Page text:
For explaining why the two bad functions are incorrect, keep in mind that one of these functions will actually run correctly (assuming correctly modified vector_new, vector_set, etc.) but there may be other problems. Hint: think about memory usage.

ACTION ITEM: Test your implementation of vector_new(), vector_get(), vector_delete(), and vector_set() for both correctness and memory management (details below).

# 1) to check correctness
$ make vector_test
$ ./vector_test

# 2) to check memory management using Valgrind:
$ make vector-memcheck

All the vector-memcheck rule does is run the following valgrind command on our executable. For a review, read through Exercise 4 in Lab 1. Explain to yourself what each of the flags mean.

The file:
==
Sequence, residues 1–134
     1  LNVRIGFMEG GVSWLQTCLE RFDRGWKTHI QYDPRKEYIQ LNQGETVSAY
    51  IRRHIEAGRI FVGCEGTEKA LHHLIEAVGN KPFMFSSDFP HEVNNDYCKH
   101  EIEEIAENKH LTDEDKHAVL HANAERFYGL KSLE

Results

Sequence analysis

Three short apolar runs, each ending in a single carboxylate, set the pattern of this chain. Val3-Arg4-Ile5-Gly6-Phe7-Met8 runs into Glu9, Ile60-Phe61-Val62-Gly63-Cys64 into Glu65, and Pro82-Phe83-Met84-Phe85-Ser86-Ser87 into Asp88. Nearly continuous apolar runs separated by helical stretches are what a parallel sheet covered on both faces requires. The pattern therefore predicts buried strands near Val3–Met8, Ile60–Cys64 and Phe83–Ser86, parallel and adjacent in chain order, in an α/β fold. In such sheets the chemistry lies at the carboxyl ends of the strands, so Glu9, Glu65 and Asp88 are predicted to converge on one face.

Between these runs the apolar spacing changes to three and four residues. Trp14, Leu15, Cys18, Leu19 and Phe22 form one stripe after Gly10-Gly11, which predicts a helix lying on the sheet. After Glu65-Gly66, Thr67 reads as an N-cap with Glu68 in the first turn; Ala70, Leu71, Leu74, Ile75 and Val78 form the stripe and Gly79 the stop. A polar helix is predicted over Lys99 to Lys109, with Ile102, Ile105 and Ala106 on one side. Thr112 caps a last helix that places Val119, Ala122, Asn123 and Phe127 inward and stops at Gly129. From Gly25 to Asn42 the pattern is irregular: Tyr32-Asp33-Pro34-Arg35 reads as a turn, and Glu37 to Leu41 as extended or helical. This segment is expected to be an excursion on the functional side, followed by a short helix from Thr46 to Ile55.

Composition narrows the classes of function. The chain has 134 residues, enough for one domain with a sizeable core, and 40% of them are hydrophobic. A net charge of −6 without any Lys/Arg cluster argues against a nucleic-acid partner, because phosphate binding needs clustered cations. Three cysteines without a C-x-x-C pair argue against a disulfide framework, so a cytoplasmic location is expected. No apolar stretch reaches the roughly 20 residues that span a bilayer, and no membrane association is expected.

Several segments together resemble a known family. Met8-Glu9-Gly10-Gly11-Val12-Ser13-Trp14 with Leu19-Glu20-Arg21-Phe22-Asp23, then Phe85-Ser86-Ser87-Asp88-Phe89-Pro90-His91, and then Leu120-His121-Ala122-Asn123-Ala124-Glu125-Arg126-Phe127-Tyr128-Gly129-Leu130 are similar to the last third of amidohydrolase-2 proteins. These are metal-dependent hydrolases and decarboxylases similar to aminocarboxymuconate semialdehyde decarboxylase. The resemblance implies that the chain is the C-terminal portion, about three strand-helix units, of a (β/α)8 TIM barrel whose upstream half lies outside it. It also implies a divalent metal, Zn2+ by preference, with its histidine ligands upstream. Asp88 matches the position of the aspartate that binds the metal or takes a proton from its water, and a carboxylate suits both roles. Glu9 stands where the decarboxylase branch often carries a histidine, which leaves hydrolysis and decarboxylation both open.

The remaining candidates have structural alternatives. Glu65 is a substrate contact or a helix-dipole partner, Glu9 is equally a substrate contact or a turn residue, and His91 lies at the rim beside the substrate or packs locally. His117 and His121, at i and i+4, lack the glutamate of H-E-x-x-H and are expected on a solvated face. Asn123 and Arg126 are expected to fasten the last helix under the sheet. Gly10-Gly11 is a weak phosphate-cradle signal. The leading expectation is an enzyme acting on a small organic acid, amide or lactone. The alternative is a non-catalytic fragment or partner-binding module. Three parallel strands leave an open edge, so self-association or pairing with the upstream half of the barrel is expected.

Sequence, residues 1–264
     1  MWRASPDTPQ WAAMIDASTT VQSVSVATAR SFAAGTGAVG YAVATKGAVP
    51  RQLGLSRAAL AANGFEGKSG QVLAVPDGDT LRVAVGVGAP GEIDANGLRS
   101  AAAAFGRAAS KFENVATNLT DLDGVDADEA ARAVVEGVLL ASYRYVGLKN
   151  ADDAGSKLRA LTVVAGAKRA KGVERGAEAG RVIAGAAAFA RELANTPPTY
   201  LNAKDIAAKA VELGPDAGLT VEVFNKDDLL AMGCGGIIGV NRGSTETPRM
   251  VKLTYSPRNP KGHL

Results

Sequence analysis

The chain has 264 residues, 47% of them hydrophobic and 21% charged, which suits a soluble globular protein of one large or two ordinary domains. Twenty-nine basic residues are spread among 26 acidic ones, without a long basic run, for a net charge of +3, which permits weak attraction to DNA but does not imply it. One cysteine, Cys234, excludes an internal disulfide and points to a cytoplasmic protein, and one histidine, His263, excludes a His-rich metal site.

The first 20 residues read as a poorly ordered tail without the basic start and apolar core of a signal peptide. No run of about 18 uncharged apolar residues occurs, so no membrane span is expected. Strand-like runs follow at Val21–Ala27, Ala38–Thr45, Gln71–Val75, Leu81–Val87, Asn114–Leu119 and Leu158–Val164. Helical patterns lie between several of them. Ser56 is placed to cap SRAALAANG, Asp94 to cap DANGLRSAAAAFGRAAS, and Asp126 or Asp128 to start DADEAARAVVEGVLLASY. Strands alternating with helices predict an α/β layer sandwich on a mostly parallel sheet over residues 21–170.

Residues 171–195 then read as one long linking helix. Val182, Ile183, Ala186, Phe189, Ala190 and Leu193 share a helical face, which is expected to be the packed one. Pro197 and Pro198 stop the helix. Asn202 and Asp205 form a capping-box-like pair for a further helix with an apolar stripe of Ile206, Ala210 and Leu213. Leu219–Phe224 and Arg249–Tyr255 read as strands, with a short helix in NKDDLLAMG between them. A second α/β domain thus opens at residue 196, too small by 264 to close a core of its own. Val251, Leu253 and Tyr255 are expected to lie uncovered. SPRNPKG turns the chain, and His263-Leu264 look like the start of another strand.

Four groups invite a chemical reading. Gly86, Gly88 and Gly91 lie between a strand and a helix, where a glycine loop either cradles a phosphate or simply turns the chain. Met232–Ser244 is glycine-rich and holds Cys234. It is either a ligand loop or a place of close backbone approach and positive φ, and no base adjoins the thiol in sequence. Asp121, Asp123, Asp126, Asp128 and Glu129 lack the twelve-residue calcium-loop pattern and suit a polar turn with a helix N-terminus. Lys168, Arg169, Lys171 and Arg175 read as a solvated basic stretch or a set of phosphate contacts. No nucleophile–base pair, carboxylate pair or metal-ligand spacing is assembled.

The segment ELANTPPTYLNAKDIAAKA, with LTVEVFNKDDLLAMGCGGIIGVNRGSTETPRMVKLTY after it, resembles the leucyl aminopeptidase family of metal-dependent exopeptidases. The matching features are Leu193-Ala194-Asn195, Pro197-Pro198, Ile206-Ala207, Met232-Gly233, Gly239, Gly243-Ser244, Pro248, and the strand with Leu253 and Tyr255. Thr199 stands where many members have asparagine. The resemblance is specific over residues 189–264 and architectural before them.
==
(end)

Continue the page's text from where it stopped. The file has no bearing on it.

$ valgrind --tool=memcheck --leak-check=full --track-origins=yes [OS SPECIFIC ARGS] ./<executable>

The last line in the valgrind output is the line that will indicate at a glance if things have gone wrong. Here’s a sample output from a buggy program:

==47132== ERROR SUMMARY: 1200039 errors from 24 contexts (suppressed: 18 from 18)

If your program has errors, you can scroll up in the command line output to view details for each one. For our purposes, you can safely ignore all output that refers to suppressed errors. In a leak-free program, your output will look like this:

==44144== ERROR SUMMARY: 0 errors from 0 contexts (suppressed: 18 from 18)

Again, any number of suppressed errors is fine; they do not affect us.

Feel free to also use CGDB or add printf statements to vector.c and vector_test.c to debug your code.


Please submit to the Lab Autograder assignment (same as last week!).

Checkoff questions for Exercise 4:

  • Explain to your TA/AI why bad_vector_new() and also_bad_vector_new() are bad. Also, show your TA/AI the output of make vector-memcheck.